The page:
What is it about?
The World of Mages (think Harry Potter meets Shadowhunters) is on the brink of a three-way war; a) between the aristocratic magic families and the magickal government, b) between the mages and the dark creatures (e.g. vampires), and c) between every magical creature and a being known only as the Insidious Humdrum – who is quickly sucking all the magic out of the world. Simon Snow has always been told that he, as the Chosen One, will resolve all these wars simultaneously. But how is he supposed to do that when he’s got a forth war going on; between himself and his evil vampiric roommate, who may or may not want to kill him – or perhaps kiss him.
Is it any good?
I went into Carry On with sky-high expectations after reading Rainbow Rowell’s Fangirl (to which Carry On is a spin-off; I would recommend reading Fangirl first) and it just didn’t quite live up to them. Don’t get me wrong – I loved it! Simon and Baz are just perfect together, with just about the right mixture of snark and sweetness. The novel is littered with pop culture references that are genuinely funny and effective, and the use of magic as a metaphor for wealth/class is also very well done. However, the first 150 pages or so – before Baz crops up – are tedious and dull; I was going mad waiting for Baz to show his pale-as-death face. When he did, though, he didn’t disappoint; his sarcasm was savage, his back story was well-written, and his unwavering (secret) love of Simon felt so real. That’s not to say that Simon himself is boring – just somewhat less interesting when he isn’t bouncing off of Baz. My other major issue with Carry On is the massive overuse of stereotypical British idioms that no British person really uses – it’s like reading a bad Doctor Who (or maybe Sherlock) fanfiction written by an American teenager. But if you can live through the hamming up of the Britishness, and the first 150 pages of (I suppose) necessary boredom, then Carry On really is brilliant.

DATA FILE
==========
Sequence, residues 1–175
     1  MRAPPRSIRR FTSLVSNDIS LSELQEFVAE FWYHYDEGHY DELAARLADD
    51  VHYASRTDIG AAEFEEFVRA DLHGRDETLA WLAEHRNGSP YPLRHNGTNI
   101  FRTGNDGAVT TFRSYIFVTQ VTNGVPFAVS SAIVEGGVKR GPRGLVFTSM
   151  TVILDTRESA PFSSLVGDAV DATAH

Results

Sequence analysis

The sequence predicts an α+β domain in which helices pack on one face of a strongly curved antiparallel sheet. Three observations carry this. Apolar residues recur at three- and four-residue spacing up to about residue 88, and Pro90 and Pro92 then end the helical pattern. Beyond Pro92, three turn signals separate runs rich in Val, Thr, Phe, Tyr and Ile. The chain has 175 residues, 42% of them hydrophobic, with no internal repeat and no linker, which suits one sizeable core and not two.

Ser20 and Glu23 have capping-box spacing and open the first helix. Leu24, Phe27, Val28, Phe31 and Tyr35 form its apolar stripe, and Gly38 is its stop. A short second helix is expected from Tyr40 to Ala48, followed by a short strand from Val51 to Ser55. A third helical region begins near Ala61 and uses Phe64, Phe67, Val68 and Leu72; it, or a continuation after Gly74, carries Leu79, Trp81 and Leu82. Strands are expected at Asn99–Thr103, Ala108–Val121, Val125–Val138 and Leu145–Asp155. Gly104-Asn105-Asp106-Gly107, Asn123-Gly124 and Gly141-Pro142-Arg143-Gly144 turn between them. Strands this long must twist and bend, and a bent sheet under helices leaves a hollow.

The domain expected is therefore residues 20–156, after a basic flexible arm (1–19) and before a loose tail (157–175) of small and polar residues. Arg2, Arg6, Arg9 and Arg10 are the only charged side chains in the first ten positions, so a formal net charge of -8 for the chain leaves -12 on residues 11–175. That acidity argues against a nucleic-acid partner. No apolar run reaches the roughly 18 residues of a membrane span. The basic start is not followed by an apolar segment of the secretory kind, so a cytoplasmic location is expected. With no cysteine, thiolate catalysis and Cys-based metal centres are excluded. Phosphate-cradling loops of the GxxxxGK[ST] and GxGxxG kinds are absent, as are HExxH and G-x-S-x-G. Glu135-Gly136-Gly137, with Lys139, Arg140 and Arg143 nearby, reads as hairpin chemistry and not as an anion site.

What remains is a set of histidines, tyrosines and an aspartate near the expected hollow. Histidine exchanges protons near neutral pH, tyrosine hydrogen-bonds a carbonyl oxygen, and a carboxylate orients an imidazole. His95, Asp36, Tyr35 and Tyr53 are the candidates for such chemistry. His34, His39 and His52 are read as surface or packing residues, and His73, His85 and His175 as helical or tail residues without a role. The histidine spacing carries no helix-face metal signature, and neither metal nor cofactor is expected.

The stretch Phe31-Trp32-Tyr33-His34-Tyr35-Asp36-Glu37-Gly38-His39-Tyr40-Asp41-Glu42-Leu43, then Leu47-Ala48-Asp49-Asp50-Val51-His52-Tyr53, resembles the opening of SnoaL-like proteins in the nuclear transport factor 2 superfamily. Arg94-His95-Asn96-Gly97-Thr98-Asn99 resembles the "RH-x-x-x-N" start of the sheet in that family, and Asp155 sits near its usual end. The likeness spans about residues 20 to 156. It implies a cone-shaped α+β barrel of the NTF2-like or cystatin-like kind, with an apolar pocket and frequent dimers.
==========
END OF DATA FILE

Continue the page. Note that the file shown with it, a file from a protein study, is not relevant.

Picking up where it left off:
How long did it take to read: five days
For fans of: Twilight, Harry Potter, Cassandra Clare, fantasy, enemies-to-lovers stories, feminist undertones
This book tastes like: peppermint candy canes